f you’ve been through higher education in the UK - or bankrolled your children through it - you might think reducing tuition fees would be a good thing (UK fees are among the highest in the world). But a report looking at the decline of music teaching published earlier this year shows that particularly in the case of vocational degrees - of which professional sound training often falls under - reducing fees will mean arts-based degrees will be hit the hardest. This is simply because the technology needed to train sound professionals doesn’t come cheap. Luckily for audio students, key businesses in the professional sound industry are stepping in to help provide the studio-based education the next generation of technicians needs to succeed. Without this help, you can’t help but wonder if audio training providers would even be able to survive? Steve Mayo, head of sound at the world-renowned Royal Academy of Dramatic Art (RADA), tells PSNEurope these partnerships are “the lifeblood of training.” He says: “Without them, top-class training is difficult in an industry that can move quickly. Professional audio is not cheap and given the vast range of equipment that students can be exposed to very early on in their career, it means that you need to implement a high standard in the training environment.” Shure is one such company partnering up with the UK’s top sound training facilities. What Shure offers to its educational partners is threefold: loaning equipment, giving masterclasses, and providing links to the industry. In fact, you could technically extend it to four elements: Shure’s market development specialist Jack Drury tells PSNEurope that the manufacturer has also helped RADA students compile research for their thesis at the end of their degree... Shure x RADA Shure’s partnership with RADA began in 2011, offering the aforementioned industrystandard training across the academy’s many programmes. The drama school also receives help from Autograph Sound Recording, who, Mayo says, “we have a great relationship with. They help us out with equipment for productions and multiple students have been on secondment with them.” Shure has also offered work experience and secondment opportunities to students at RADA. Mayo continues: “A RADA student who recently did a placement at Shure really came to fruition during a production of the musical Into the Woods in the school’s Jerwood Vanbrugh Theatre this year. Shure loaned us 16 channels of Axient Digital ADX for the production along with Twin Plex lavaliers, and the student - Henry Parritt - was really comfortable with frequency management and the implementation of the wireless technology for the production.” While being able to loan out Shure’s top equipment is crucial, given the rising cost of providing world-class education, relationship-building is also key. After all, these students will be the next roster of audio professionals. Shure’s Drury, who is vocal about his passion for education, will go in and meet the students in their first year, “creating a positive relationship from an early point.” He tells PSNEurope: “[Meeting the students] is important because it teaches students how to communicate with manufacturers, as well as the type of vernacular we use and things that are important to us. It gives them an insight into the industry from a fairly early point. As the students go through second and third year, they’ll specialise in certain things. So, I will start to build a more in-depth relationship with students who want to specialise in sound design, for instance. You could say there’s elements of mentoring in that as well.” Mayo says that, along with Drury, there have been “multiple visits” to RADA from Shure’s senior marketing specialist Marc Henshall and senior director and wireless specialist Tuomo George-Tolonen throughout the six years of the partnership to date. This focus on building professional relationships means students can become more familiar with the equipment while not being afraid to make mistakes. The partnership also means there are indispensable networking opportunities for the students, which will provide that crucial foot in the door for the many graduates who will likely go on to freelance in the theatre industry. Drury says: “RADA students are happy to call Shure if there is a problem or need anything for a production that isn’t covered by the loan equipment, and the people at Shure are open to helping where they can. We want to allow students to make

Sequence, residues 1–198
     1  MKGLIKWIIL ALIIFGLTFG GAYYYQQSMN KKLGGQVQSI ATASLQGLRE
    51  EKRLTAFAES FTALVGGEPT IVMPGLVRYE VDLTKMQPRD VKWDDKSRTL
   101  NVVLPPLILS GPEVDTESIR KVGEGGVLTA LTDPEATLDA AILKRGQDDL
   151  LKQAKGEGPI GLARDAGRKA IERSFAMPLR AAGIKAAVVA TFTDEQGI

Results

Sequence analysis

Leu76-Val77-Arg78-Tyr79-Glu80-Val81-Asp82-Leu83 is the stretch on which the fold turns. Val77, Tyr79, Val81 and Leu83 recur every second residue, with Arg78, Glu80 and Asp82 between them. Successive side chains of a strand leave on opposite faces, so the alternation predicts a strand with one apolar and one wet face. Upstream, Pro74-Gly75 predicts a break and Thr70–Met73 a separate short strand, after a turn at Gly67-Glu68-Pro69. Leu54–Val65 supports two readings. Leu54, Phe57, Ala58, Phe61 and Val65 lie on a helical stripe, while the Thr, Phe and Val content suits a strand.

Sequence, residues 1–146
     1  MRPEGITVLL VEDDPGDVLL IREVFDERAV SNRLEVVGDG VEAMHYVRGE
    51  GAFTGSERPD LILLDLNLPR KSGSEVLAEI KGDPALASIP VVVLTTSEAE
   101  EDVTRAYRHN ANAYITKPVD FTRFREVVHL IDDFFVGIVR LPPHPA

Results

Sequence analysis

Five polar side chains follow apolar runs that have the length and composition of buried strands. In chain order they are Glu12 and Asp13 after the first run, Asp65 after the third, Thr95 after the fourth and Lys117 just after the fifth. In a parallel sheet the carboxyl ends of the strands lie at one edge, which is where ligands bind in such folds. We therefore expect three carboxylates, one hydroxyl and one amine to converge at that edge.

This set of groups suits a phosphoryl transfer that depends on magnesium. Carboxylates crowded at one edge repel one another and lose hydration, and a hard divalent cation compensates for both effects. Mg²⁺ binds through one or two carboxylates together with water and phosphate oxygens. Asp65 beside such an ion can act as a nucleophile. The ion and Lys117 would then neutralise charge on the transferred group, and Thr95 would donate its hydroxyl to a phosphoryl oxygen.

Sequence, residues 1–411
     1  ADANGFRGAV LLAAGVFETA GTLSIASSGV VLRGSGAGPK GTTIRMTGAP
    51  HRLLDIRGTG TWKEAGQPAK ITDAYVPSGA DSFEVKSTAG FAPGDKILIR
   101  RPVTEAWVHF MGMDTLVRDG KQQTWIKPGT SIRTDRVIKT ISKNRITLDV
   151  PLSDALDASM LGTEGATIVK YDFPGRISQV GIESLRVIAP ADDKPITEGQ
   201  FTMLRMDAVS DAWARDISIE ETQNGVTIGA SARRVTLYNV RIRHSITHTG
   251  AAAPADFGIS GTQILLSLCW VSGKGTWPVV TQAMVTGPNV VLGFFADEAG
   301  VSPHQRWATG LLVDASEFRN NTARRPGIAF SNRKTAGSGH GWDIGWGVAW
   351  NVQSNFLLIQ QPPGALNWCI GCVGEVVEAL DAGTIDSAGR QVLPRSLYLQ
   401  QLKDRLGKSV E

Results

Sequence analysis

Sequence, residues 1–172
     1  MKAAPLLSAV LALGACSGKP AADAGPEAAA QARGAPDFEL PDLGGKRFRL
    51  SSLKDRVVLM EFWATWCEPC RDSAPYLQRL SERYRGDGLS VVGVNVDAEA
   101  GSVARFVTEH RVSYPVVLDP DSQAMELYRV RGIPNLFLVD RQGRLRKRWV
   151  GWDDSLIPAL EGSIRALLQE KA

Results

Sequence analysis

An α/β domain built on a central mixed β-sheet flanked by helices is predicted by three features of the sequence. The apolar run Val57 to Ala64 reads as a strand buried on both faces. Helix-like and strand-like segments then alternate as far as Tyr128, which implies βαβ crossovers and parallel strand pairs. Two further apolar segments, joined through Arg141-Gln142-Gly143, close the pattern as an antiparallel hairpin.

mistakes in a controlled environment, so when they go out there they’re confident using it. That’s only going to reflect well on the perception of the equipment in the marketplace, too.” So what’s in it for Shure? Clearly, allowing students to train using its high-end equipment will do exactly as Drury says, reflect better on Shure in the industry as a whole: the kit will sound better if using it is second nature for the people working behind it. So, while the cost of loaning top-end equipment and subsidised rates might not make sense financially, it’s all about developing brand loyalty and product familiarity for professionals at the very beginning of their career. “It’s a long-term thing,” says Drury. “We wouldn’t expect to see monetary value come back to us on any of our education partnerships in a measurable way, because realistically these students are going to go out to the world as freelancers. But then, in five to 10 years time, they might be in a position to buy or specify some of this equipment. So I think the most important thing for us as a brand is having users out in the marketplace actively using gear who are comfortable using our equipment.” ‘Second to none’ expertise Being able to work with Shure’s equipment as a student is essential training for a young sound technician, but Shure’s offering goes further to help break down technically difficult elements of the job - one being wireless technology. At RADA, wireless masterclasses have been led by Shure’s senior director George-Tolenen, “whose knowledge of wireless frequency management is second to none,” according to Mayo. “The Wireless Workbench masterclasses have been hugely beneficial to students’ training, especially with the changes to the digital spectrum,” he adds. Top-end tech Equipment loaned throughout the Shure-RADA sponsorship so far has facilitated training across all aspects of the academy’s programme, from theatre productions to voiceover training for acting students. Equipment such as the KSM141 instrument microphone and KSM44A condenser microphone are key components in RADA's recording studio and the QLX-D digital wireless system and PSM300 IEM systems are “constantly being used”, Mayo notes. “As RADA puts on a total of 50 productions every year, the sound students have become very proficient at hiding IEMs in a variety of props, including in record players.” As part of Shure’s equipment loan package, and in the case of RADA specifically, Shure loans kit of a higher tier than the academy would be able to purchase themselves. “Obviously education budgets are under quite a lot of pressure at the moment, so for the likes of RADA, students have the ability to train and gets hands-on with RF equipment, such as Axient Digital, and get used to it, which is important, because this high-budget stuff is common in the industry. For our students, being able to use and appreciate the consistent results of Shure equipment, especially their recent experience of using the Axient ADX range, gives them a solid foundation in professional level equipment that will be with them throughout their careers.” Partnership growth Outside of London, Shure’s two other main sound education partners are Backstage Academy in Wakefield and West Herts College in Watford. Stephen Carter, music and curriculum developer at West Herts College, says: “Without Shure’s educational programme, doing things like giving cheaper microphones and long-term stock to places and coming in to do masterclasses on building microphone and wireless technology, we’re not able to prepare our students for what comes next.” Miles Marsden, industry partnerships director at Backstage Academy, adds: “Our students are equipment-hungry, and the nature of our industry is very expensive. I think students are acutely aware of this so they’re more than appreciative of what our partners, such as Shure, do.” Mayo adds: “RADA graduates are going to be key players in the industry within the next 10 years and it’s the support from companies like Shure they’ll remember." Drury concludes: “This isn’t something we just pay lip service to, it’s very important. While it’s difficult to measure the return on investment with these partnerships, we’ve proven that it’s worth our while.” n